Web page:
How to breed goats
Breeding goats needs careful planning and a lot of hard work. Although many people decide to breed goats as a hobby, for others it can prove a lucrative commercial goat farming operation, as anybody who has tasted a delicious goats cheese starter can probably vouch for. While the tasks involved in setting up a goat farm can be hugely rewarding, they can be very time consuming, so if you’re considering a move into the area of goat farming, you might want to consider our brief guide to goat breeding below.
Breeding goats: What you need to consider
Raising goats is a lengthy process, so before you set out on the challenge, consider the importance of a doe’s breeding quality. Any commercial plans you may have are likely to be influenced by the breeding characteristics of the goat herd. Therefore, try and follow the ‘breed up’ approach by breeding does (females) with bucks (makes) of varying characteristics. Hopefully, by taking this approach, you’ll help to smooth out any troubling aspects of the parent breed.
If you are considering breeding goats for commercial purposes, take the time to learn about goat body structure and conformation, as some goats may have a healthier body shape than others. To fill any gaps in your knowledge, visit local agriculture shows and talk to experts to assess the best course of action to follow.
Budget constraints will influence your next decision – which intensive goat breeding process to follow. The two choices available to you are natural breeding and artificial insemination. If commercial gains are your motive for goat farming, it’s probably best to study the artificial insemination option. Although this is far more costly than waiting for nature to take its course, it will help to speed up the goat breeding process. Search around the local area for details of farms that can assist with artificial insemination, but remember there is no guarantee this process will always work for every goat.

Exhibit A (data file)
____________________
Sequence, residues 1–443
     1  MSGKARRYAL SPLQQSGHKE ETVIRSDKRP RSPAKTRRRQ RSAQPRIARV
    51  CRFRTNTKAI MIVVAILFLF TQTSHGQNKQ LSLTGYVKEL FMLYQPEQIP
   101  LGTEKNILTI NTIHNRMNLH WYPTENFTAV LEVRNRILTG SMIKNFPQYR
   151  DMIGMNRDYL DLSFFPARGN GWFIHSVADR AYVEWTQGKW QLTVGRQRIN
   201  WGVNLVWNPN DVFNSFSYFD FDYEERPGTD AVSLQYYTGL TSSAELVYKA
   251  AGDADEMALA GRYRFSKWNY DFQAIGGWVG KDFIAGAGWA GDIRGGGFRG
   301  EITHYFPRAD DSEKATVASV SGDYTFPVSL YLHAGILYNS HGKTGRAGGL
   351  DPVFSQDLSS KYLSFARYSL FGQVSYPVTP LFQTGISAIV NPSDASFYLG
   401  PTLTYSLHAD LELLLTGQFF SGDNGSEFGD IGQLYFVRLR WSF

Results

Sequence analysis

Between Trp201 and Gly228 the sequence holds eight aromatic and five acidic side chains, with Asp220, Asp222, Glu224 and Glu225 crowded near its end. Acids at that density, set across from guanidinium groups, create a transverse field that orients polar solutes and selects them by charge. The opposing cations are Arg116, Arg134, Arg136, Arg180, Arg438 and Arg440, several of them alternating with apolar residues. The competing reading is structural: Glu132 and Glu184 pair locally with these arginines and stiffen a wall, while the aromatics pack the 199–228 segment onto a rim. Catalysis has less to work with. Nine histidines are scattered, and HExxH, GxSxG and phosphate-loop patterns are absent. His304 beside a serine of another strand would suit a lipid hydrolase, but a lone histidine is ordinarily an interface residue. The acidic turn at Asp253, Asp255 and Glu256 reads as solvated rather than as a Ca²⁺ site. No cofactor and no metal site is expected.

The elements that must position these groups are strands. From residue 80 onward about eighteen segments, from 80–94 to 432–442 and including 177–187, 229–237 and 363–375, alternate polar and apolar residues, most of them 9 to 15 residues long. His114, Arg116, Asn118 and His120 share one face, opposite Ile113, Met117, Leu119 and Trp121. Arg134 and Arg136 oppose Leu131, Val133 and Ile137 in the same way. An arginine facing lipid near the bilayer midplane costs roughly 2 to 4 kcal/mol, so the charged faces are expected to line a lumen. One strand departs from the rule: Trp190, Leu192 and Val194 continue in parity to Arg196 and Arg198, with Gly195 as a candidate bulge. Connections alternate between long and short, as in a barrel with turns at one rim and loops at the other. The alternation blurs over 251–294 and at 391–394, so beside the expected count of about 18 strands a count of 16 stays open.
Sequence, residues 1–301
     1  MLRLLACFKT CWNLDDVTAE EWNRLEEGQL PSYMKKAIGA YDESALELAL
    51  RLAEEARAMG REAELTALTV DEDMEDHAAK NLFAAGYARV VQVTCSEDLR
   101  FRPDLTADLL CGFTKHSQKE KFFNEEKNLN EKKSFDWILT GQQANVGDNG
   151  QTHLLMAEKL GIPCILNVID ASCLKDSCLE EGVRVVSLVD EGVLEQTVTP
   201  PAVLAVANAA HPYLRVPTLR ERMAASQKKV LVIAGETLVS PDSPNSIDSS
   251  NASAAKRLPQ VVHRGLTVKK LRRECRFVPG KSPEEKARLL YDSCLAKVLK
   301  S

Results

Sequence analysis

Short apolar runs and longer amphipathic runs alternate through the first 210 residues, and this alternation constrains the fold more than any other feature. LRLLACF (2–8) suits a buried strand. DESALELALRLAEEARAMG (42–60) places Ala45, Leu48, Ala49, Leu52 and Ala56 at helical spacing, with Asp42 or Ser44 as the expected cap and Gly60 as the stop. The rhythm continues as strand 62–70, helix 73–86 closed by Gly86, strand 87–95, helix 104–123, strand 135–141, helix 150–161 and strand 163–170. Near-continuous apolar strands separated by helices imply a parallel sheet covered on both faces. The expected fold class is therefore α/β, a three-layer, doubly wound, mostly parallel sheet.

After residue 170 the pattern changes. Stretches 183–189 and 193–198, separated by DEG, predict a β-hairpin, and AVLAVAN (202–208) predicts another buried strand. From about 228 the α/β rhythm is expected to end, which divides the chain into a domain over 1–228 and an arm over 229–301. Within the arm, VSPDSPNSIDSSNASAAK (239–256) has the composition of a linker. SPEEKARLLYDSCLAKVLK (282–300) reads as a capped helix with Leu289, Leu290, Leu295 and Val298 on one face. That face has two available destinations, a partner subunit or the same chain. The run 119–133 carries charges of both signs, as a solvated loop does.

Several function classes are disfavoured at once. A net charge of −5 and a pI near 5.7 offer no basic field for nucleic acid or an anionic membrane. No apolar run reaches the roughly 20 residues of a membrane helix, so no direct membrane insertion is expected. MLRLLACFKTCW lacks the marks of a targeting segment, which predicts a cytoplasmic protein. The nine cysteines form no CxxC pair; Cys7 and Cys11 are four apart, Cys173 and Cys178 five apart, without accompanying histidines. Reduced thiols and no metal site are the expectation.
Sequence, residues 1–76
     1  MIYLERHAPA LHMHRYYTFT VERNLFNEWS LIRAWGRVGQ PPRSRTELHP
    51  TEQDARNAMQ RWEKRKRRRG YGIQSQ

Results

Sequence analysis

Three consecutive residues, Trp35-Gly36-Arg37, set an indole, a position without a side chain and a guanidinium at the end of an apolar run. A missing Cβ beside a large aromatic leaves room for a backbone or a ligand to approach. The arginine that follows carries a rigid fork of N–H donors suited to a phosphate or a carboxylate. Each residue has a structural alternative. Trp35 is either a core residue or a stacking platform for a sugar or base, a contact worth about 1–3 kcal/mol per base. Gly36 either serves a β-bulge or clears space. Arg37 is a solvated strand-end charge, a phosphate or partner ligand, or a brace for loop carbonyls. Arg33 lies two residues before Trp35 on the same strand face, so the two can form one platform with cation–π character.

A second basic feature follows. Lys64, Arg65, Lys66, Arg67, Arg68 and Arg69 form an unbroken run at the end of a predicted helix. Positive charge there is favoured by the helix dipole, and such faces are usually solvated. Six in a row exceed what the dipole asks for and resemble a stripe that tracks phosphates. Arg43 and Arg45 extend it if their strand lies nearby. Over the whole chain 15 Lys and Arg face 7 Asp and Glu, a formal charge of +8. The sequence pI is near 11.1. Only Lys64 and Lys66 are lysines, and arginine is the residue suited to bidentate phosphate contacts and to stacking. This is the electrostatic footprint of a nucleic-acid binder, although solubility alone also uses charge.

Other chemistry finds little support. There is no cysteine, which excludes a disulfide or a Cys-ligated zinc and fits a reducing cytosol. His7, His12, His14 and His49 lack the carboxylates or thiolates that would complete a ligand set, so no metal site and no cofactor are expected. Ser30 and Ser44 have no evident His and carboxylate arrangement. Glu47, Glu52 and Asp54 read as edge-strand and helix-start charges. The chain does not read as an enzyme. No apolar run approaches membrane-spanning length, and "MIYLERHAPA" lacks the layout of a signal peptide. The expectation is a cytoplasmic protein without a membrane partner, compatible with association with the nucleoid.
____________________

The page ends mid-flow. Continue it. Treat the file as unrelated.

Daily care and maintenance needs to be taken to ensure goats remain as healthy as possible. In terms of feed, most goats can generally be kept happy with standard grain and hay, but bear in mind some supplements may need to be added to the goat feed from time to time. If the herd exhibit any signs of worms, take steps to deworm them before the problem escalates. Regular trimming will also be needed to keep the goats in prime condition.
Keeping an eye open for when the goat breeding season arrives will help your chances of boosting herd numbers. To do this, check for any signs of heat in the does. Common symptoms of heat in goats include restlessness, excessive bleating, a loss of appetite and a swollen, red rear. If these signs are obvious, it’s more than likely that the goat breeding process is underway.
Once a vet has confirmed any pregnancies, it’s important to have a kidding kit ready to hand to ensure a doe is left in comfort during gestation. Items you need to include in a kit include soap, scissors, towels, a lubricant gel and antibiotic spray. Remember, the health of the doe is just as important as the health of the baby growing inside.